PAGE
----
Characteristics of Lumber Grading & Structural Properties of Wood

Characteristics of Lumber Grading

Lumber should be easy to understand: it is a log that has been cut or chopped to be utilized for construction or woodworking applications. Lumber, on the other hand, comes in a wide variety of sizes, cuts, and varieties. 

Different types of wood have varying properties and characteristics, hardness, and compression strength, making certain types of timber preferable for certain applications than others.

Knowing the fundamental qualities of lumber may make selecting the proper pieces for the work much easier—and can help you avoid the hazards of selecting the wrong wood for the job.

Characteristics of Lumber

When selecting lumber, it is important to understand the characteristics of the different types of wood. In this article, we will discuss 4 of the most important characteristics of lumber to consider.

1. Lumber Density

When choosing lumber for a project, it is essential to consider the characteristics of the wood. One of the most important characteristics is density. Density is a measure of the weight of a material per unit volume. Lumber with a high density will be stronger and less likely to warp than lumber with a low density.

The density of lumber can vary depending on the type of wood and the age of the tree. The densest woods are mostly those that are dark, such as walnut and hickory. The lightest woods are those that are pale, such as pine and fir.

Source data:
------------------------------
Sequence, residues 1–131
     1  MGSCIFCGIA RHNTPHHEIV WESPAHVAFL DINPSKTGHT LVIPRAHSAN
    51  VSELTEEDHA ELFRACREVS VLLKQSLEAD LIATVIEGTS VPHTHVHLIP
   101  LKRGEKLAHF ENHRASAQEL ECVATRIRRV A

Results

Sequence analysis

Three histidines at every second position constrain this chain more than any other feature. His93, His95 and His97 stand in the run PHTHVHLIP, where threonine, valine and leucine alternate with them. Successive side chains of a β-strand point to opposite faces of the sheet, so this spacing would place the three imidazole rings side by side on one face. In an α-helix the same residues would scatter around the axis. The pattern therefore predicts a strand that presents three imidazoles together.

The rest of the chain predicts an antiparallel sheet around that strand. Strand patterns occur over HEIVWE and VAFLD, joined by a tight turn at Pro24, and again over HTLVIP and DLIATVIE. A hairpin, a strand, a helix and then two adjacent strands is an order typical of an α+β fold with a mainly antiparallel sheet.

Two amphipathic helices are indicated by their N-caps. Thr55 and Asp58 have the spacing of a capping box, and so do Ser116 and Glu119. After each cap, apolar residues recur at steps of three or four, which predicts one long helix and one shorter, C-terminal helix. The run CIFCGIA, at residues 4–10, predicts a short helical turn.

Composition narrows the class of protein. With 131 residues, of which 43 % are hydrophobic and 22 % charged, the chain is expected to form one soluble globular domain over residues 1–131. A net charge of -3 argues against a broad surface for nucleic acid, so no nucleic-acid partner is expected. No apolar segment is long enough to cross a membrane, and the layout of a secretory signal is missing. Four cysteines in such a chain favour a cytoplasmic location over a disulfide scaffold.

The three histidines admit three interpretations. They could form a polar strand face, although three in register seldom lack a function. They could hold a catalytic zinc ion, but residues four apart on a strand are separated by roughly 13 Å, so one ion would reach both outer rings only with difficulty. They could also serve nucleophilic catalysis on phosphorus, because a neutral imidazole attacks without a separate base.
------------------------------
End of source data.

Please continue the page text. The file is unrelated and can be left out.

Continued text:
Lumber becomes denser as it ages. The cells in young wood are filled with water, which makes the wood less dense. As the wood dries out, the cells lose their water and the wood becomes denser.

2. Lumber Texture

The texture of lumber can vary significantly based on the species of tree from which it was cut. Some woods, like oak, have a very rough texture, while others, like pine, have a much smoother texture.

The texture of lumber can also be affected by how it is processed. Lumber that has been planed or sanded will have a much smoother finish than lumber that has not been processed at all. It is important to consider the desired outcome of a project when choosing the right type of lumber and to select the appropriate level of processing.

3. Lumber Color

The color of lumber can vary substantially, depending on the species of tree from which it was sourced. In general, there are three types of lumber colors: red, white, and yellow.

The most common type of lumber is red, which comes from hardwood trees such as oak, cherry, and maple. 

Red lumber is typically strong and dense, making it ideal for use in furniture and construction projects. White lumber is sourced from softwood trees such as pine and cedar. It is less dense than red lumber but is still a strong and durable material. Yellow lumber is also sourced from softwood trees, but it is lighter than white lumber. Yellow lumber is not as strong as red or white lumber, but it is more resistant to decay and rot.

4. Lumber Grain

Grain refers to the orientation of the wood fibers in a piece of lumber and can affect its strength, stability, and how it reacts to changes in humidity.

There are three main types of grain: straight, spiral, and wavy. Straight grain is the most common and is typically found in boards that are less than 12 inches wide. Spiral grain is more common in wider boards and results from the tree’s growth ring spiraling around the trunk. Wavy grain is caused by environmental factors such as wind or water and is often called “defect” grain.